The arm 62 of the handle assembly 22 preferably includes a pivot linkage 66, or is otherwise capable of articulation as indicated (
With continued reference to
Preferred, alternate bed receiving/supporting structures are best seen with reference to
With particular reference to
For instance, as shown in
Referring now to
With continued reference to
With reference now to
The hook style bed support structure of
Referring now generally to
The pivoting wheel platform 120 generally includes a curved or arcuate wheel landing surface 128, i.e., a wheel cup, adjacent a ramped edge portion 130 of the wheel platform 120 having a ramp 132. While the ramp 132 of the ramped edge portion 130 facilitates ingress/egress of a wheel into the trap 16, more particularly, the wheel landing surface 128, the wheel landing surface 128 is intended to cup or cradle a wheel received thereon during pivoting of the wheel plate 120 within the frame 122. As illustrated, the width dimension of the wheel landing surface is preferably, but not necessarily, less than the width dimension of the adjacent ramp portion of the platform.
Opposingly paired sidewalls 134 upwardly extend from opposing side edges of the ramp portion 130 of the platform 120, and “rearwardly,” i.e., longitudinally, extend to about the depth of a terminal edge of the curved wheel landing surface 128. Each of the ramp portion sidewalls 134 is adapted to receive a wheel guide 136 at one end thereof, say a “front” end thereof (i.e., adjacent the ramp portion 130 of the platform 120), and a support wheel 138 at another end thereof (i.e., a “rear” end thereof, more particularly, adjacent the landing surface 128).
The wheel platform 120 is pivotally linked to free ends of the frame 122, i.e., arms 124, at the sidewalls 134 thereof, more particularly, proximal the front ends thereof so as to define a pivot axis 140 for the platform 120. Each of the ramp portion sidewalls 134 further include an outwardly extending tab 142 at the front or forward end thereof, in the vicinity the free end of the frame 122, i.e., proximal to the pivot axis 140 of the platform 120. With pivoting of the platform 120, the tab 142 of the platform sidewall 134 forms an interference fit with a portion of its adjacent frame member or element 124, namely, a notch 144 thereof, and thus prevents further pivoting of the platform (
It should be readily appreciated that the subject wheel trap description, although laid out with respect to
With continued reference to
Upon disengagement of the frame 122 of trap assembly 16 from the ground, the wheel platform 120 progressively pivots (
At attainment of a select platform angle, which may be less than a maximum platform pivot angle delimited by the interference fit of the platform 120 relative to the frame 122, i.e., as by receipt of the tab 142 in the notch 144, during the raising of the lifting plate 40 of the lift assembly 14, the support wheels 138 of the trap assembly 16 contact the floor or ground surface, having previously moved into position for operative ground engagement while the bed wheels are effectively cradled by the wheel landing surface 128. With such arrangement, the supplemental wheels functionally supplant or replace the bed wheels 138. In such condition, the mass of the bed is maintained upon the ground or floor, with supreme guided bed transport enabled by a combination of the guide wheels 70 of the guide arms 24 and the supplemental wheels 138 of the trap assembly 16. Further raising of the bed support structure advantageously disengages the supplemental trap wheels 138 from the floor, the end of the bed adjacent the base 18 of the apparatus 10 being thereby fully supported by the bed support structure. With the shift in bed mass from the floor to the apparatus, more particularly, the base 18 thereof, enhanced traction and increased mobility is thereby gained.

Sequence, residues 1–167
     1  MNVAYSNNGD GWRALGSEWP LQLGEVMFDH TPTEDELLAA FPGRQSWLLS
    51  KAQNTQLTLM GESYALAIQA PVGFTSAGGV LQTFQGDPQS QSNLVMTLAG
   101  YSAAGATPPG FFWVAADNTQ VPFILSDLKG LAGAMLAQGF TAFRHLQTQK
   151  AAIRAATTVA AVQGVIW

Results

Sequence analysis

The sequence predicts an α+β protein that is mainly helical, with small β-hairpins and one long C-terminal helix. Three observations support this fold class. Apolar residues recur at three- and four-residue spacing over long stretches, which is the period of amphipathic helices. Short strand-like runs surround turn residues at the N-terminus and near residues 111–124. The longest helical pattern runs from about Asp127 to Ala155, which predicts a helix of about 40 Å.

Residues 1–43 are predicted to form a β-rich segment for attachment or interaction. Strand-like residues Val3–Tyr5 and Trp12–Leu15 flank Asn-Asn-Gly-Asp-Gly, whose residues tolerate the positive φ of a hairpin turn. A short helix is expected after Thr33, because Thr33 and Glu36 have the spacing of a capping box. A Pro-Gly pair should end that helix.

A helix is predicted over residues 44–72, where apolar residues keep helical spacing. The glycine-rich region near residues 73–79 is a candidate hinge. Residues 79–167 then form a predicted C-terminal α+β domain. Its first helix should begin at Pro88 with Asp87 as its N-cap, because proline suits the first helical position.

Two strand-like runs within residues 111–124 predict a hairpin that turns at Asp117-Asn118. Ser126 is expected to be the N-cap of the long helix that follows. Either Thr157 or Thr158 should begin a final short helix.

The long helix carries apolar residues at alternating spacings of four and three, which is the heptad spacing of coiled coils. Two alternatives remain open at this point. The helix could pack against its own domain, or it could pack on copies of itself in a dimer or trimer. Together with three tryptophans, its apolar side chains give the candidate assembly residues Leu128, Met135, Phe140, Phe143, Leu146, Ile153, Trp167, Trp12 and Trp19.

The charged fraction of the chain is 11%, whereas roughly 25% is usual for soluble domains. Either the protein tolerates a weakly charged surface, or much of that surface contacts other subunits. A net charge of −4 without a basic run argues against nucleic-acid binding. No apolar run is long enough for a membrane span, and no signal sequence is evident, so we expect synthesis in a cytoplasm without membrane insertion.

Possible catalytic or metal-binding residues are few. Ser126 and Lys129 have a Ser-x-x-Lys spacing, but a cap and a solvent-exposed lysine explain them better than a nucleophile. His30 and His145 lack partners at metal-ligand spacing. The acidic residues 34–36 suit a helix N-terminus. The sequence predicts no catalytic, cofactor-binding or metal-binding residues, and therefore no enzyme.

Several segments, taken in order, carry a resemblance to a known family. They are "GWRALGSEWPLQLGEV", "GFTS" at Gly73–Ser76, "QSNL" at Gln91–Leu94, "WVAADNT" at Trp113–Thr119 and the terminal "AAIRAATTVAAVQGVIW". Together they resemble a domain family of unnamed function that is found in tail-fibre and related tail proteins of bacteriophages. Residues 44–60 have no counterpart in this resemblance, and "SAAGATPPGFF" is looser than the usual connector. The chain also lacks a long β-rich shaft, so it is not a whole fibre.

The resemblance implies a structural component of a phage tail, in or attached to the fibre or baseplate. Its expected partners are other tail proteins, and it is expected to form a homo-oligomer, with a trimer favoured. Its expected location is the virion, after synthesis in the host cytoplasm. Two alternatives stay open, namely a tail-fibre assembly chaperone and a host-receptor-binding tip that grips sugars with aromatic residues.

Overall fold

In addition to those illustrated and/or discussed, there are other variations of the subject invention, including subassemblies thereof, some of which will become obvious to those skilled in the art. It will be understood that this disclosure, in many respects, is only illustrative. Changes may be made in details, particularly in matters of shape, size, material, and arrangement of parts, as the case may be, without exceeding the scope of the invention.
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|U.S. Classification||5/86.1, 414/427, 254/10.00R|
|International Classification||B66F9/075, A61G7/08, B66F9/12, B66F5/00, B60P3/06|
|Cooperative Classification||A61G7/08, B62B3/0612|
|European Classification||A61G7/08, B62B3/06C|
|Aug 29, 2005||AS||Assignment|
Owner name: ERGOTECH, INC., WISCONSIN
Free format text: ASSIGNMENT OF ASSIGNORS INTEREST;ASSIGNOR:SCHUCHARDT, PETER W.;REEL/FRAME:016925/0835
Effective date: 20050711
|Feb 2, 2006||AS||Assignment|
Owner name: NUSTAR, INC., MINNESOTA
Free format text: ASSIGNMENT OF ASSIGNORS INTEREST;ASSIGNOR:SCHUCHARDT, PETER W.;REEL/FRAME:017516/0437
Effective date: 20060125
|Jan 23, 2008||AS||Assignment|
Owner name: NUSTAR, INC., MINNESOTA
Free format text: PURCHASE AGREEMENT;ASSIGNOR:ERGOTECH, INC.;REEL/FRAME:020406/0096
Effective date: 20060125
|May 10, 2013||REMI||Maintenance fee reminder mailed|
|May 23, 2013||FPAY||Fee payment|
Year of fee payment: 4
|May 23, 2013||SULP||Surcharge for late payment|